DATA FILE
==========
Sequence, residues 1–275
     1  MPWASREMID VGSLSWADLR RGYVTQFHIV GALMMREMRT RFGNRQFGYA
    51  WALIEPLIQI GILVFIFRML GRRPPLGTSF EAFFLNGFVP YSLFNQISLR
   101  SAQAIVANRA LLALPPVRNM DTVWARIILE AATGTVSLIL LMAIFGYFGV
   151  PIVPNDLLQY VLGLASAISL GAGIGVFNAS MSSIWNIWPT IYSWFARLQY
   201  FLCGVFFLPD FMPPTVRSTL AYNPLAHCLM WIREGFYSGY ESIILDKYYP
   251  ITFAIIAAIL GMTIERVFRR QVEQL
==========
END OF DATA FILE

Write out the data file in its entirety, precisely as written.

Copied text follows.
Sequence, residues 1–275
     1  MPWASREMID VGSLSWADLR RGYVTQFHIV GALMMREMRT RFGNRQFGYA
    51  WALIEPLIQI GILVFIFRML GRRPPLGTSF EAFFLNGFVP YSLFNQISLR
   101  SAQAIVANRA LLALPPVRNM DTVWARIILE AATGTVSLIL LMAIFGYFGV
   151  PIVPNDLLQY VLGLASAISL GAGIGVFNAS MSSIWNIWPT IYSWFARLQY
   201  FLCGVFFLPD FMPPTVRSTL AYNPLAHCLM WIREGFYSGY ESIILDKYYP
   251  ITFAIIAAIL GMTIERVFRR QVEQL